This is apparently the first book of a series, but it's reasonably complete.
I got this book from a dealer at iFC, who told me that it was a classic of furry fiction or some such. I certainly hope that it doesn't get recommended that way to very many people, because if this had been the first furry fiction I'd read, I doubt I would ever have read any more. It's a children's book, which is not in itself a bad thing. I often like straightforward plots without a lot of confusing moral ambiguity. And while I do like sex in my stories, I don't mind reading some stories that don't have any. But there are some books where "this is for children" becomes an excuse for "it doesn't have to be written to an adult standard", and this was one of those books. My big problem is that I had a very hard time imagining the world, because the basics of how things looked and worked didn't seem to be consistent from one scene to the next. A major example is the scale of things. The hero of the story is a mouse, but there are many other sorts of animals as well. In some scenes, I get the impression that the animals, though they talk, are supposed to be the sizes of the real animals -- but in the next scene, the hero will be interacting with other animals who should be much larger than he, but the interactions imply that they're about the same size. The story appears to take place in abandoned human buildings, and in some scenes the animals will appear to be human sized, while in other scenes, the mice seem to be mouse sized next to human buildings. I could have easily accepted the story whatever size the characters were, but not with them apparently changing size to be whatever was most convenient for each scene. Something else that bothered me is that the characters' personalities and moral qualities seemed to be very much determined by their species; some kinds of animals are good people and some kinds are bad. Being able to get away from that sort of stereotyping is one of the things that makes me like furry stories in the first place. (And I'll confess to a specific bit of shallowness, it ticked me off that foxes were one of the "bad guys" kinds of animals.) The final complaint that I will make is that there's an awfully high body count, including a couple of rather nasty bits of graphic violence, especially for something that's supposed to be a wholesome kid's book. There were a few characters that were engaging, and some of the individual scenes were charming; I just couldn't stay engaged from scene to scene.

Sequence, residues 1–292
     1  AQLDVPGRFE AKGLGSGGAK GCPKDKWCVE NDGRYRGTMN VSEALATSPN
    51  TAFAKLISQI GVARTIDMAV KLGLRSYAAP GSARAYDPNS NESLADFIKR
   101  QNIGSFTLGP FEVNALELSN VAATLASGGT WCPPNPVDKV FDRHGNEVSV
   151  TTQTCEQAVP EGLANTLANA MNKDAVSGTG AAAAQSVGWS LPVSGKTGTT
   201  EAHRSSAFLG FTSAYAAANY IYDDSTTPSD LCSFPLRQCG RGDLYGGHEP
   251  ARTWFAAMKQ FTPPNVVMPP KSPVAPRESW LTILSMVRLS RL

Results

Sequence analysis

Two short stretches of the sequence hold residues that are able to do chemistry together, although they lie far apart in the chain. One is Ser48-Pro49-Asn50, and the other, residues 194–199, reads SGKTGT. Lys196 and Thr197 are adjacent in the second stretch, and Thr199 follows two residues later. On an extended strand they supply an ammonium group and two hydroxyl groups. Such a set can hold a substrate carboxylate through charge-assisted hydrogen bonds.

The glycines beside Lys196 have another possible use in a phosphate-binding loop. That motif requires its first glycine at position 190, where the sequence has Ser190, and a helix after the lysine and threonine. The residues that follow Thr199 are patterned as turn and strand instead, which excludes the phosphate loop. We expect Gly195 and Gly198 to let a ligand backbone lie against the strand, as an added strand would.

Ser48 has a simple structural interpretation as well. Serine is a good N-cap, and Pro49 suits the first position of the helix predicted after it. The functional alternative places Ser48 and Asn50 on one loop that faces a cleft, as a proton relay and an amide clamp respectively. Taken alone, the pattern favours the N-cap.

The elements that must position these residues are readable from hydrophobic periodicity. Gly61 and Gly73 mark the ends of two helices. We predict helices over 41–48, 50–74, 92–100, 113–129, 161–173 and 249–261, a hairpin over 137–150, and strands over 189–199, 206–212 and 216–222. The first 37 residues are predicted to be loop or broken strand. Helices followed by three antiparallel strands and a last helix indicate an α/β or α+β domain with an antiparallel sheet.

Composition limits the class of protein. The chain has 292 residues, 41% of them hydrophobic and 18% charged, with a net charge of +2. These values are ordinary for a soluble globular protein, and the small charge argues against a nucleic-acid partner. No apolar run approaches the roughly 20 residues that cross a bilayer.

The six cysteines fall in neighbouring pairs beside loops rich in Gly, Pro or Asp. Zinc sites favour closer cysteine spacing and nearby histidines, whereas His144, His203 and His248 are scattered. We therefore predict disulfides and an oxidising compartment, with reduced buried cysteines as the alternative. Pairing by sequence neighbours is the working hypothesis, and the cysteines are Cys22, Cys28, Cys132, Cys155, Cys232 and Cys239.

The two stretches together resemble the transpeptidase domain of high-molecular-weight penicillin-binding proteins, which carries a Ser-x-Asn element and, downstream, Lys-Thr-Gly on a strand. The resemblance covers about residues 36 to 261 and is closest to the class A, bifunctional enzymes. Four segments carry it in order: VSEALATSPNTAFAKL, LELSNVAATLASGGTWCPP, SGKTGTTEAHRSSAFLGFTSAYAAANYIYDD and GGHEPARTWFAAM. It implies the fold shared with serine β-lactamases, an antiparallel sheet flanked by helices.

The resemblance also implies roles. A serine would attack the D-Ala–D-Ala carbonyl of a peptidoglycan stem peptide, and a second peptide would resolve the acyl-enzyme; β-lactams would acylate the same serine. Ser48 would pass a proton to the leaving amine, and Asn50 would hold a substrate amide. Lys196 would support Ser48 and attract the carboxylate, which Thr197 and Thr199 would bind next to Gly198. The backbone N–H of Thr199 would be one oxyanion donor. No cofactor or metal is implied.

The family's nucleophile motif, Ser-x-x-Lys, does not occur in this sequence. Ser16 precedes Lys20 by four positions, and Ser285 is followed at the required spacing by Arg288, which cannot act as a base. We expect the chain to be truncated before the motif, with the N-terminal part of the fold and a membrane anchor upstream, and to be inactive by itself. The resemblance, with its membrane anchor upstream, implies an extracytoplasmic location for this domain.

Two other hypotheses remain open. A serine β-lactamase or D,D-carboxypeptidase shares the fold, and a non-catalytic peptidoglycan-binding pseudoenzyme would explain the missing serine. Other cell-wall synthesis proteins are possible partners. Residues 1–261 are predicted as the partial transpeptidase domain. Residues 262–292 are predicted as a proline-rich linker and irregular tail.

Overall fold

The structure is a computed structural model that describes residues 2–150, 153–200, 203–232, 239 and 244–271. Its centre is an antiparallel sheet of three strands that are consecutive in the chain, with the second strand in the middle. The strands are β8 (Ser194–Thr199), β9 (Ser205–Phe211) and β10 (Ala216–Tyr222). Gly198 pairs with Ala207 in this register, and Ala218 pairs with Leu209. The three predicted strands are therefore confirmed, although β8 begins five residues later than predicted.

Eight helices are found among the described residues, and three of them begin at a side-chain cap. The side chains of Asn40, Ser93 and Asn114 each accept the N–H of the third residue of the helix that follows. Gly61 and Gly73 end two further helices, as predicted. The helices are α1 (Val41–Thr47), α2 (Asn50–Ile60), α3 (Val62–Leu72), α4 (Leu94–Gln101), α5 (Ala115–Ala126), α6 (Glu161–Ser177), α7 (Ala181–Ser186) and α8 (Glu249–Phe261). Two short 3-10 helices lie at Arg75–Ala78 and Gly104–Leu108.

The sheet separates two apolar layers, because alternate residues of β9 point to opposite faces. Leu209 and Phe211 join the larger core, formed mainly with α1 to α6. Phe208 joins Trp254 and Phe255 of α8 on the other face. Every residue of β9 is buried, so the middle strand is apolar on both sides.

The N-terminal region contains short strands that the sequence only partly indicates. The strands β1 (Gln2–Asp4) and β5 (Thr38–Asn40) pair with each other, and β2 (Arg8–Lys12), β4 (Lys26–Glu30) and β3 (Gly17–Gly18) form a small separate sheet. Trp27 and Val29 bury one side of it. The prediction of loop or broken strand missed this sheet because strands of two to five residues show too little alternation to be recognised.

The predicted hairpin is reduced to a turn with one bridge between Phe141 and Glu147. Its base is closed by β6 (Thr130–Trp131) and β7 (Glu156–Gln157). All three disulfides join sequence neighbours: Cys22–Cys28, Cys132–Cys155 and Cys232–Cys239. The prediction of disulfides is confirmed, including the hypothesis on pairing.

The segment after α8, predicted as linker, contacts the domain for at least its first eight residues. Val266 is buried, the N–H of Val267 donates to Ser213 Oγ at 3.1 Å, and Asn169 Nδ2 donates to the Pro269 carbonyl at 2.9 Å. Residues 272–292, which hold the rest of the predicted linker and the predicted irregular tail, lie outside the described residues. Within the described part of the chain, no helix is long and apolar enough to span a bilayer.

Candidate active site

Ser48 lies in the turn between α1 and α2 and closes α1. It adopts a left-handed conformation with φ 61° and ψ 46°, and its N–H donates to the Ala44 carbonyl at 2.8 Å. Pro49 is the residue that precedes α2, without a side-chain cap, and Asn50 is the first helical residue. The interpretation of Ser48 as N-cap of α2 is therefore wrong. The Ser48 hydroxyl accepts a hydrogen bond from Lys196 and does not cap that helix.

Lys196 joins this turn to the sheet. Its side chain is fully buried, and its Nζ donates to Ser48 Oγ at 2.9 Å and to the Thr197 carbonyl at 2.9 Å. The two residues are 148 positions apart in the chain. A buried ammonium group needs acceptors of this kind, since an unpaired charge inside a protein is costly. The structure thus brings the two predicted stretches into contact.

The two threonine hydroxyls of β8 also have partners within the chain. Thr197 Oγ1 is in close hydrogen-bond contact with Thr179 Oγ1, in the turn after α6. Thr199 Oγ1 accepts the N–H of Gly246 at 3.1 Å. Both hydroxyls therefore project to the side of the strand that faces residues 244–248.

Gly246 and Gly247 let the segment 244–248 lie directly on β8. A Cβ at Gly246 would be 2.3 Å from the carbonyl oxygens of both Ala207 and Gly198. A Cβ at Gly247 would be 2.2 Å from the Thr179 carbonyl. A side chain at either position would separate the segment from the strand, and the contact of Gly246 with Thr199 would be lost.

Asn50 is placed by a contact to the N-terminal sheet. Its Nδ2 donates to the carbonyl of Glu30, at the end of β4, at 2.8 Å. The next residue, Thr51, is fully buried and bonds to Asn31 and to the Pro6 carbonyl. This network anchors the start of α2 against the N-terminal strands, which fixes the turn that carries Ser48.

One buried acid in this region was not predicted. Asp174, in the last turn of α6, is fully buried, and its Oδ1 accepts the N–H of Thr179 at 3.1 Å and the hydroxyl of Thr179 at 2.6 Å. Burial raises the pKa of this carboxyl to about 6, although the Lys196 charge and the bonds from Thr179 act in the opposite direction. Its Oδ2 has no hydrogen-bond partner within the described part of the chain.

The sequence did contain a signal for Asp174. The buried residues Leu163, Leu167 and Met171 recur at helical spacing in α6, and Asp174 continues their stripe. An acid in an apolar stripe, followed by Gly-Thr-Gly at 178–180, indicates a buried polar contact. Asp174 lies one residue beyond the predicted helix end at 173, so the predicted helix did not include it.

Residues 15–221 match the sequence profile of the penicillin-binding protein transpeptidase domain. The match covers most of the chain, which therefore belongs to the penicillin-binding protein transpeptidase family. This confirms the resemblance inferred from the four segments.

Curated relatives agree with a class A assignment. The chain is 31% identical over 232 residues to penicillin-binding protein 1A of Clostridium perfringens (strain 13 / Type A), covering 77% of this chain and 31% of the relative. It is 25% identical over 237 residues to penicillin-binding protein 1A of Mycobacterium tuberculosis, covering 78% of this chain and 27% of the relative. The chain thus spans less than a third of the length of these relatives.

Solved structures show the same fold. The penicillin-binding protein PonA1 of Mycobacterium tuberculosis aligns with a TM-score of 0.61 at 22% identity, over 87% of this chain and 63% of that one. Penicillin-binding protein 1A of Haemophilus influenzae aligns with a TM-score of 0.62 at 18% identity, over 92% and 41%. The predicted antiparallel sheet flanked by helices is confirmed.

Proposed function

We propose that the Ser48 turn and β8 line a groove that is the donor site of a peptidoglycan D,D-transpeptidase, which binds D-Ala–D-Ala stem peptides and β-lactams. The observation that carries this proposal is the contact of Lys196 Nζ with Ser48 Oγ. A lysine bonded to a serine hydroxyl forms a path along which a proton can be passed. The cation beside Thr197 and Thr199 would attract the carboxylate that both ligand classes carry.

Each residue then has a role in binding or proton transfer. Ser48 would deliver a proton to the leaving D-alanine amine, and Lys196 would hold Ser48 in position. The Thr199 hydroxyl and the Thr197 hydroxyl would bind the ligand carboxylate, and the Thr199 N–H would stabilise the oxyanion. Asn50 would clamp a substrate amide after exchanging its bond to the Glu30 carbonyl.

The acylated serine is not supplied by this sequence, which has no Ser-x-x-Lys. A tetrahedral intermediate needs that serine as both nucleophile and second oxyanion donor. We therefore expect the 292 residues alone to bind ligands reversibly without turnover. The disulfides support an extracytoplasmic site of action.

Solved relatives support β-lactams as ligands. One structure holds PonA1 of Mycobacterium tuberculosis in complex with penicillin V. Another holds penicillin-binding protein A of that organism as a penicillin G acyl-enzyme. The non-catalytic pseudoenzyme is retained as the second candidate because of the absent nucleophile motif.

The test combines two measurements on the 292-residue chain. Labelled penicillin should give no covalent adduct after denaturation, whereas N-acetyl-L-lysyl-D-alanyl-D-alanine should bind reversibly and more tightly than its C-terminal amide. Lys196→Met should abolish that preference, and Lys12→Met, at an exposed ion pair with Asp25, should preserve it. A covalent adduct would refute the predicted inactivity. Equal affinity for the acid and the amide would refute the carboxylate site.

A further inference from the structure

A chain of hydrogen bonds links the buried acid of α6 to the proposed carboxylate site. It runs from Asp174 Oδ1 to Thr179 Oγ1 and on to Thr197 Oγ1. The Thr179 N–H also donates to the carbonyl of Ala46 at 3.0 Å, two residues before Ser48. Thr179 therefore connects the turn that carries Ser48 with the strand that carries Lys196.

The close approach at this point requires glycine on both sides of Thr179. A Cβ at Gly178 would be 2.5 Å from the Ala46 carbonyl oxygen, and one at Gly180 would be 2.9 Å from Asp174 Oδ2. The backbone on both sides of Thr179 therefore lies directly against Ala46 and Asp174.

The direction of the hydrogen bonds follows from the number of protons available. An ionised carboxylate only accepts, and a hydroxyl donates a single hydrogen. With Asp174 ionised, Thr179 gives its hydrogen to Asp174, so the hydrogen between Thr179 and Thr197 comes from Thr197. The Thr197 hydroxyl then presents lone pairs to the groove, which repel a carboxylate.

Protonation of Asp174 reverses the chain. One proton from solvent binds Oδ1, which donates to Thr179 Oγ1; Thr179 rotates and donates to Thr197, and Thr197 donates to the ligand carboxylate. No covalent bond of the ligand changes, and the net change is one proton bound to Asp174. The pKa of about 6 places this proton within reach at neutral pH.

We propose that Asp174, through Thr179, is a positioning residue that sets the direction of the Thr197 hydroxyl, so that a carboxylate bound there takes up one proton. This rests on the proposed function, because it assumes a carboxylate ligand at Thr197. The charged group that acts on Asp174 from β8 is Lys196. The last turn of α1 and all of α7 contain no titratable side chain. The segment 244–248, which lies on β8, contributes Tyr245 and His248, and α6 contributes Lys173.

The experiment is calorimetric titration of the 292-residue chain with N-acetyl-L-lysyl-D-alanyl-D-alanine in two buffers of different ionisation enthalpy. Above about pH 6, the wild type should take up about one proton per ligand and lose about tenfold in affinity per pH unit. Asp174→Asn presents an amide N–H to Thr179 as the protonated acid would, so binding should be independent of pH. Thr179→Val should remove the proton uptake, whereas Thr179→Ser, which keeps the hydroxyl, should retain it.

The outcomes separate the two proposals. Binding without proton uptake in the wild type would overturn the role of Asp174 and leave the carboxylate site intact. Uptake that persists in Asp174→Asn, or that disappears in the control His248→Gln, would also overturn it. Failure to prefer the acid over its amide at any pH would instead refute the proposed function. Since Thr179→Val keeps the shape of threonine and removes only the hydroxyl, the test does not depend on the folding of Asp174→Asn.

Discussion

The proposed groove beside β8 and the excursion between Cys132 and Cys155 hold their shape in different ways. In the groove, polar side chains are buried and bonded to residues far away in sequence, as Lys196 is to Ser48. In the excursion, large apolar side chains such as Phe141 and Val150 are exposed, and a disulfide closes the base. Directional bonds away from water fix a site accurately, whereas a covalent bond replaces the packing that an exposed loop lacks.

4 out of 10.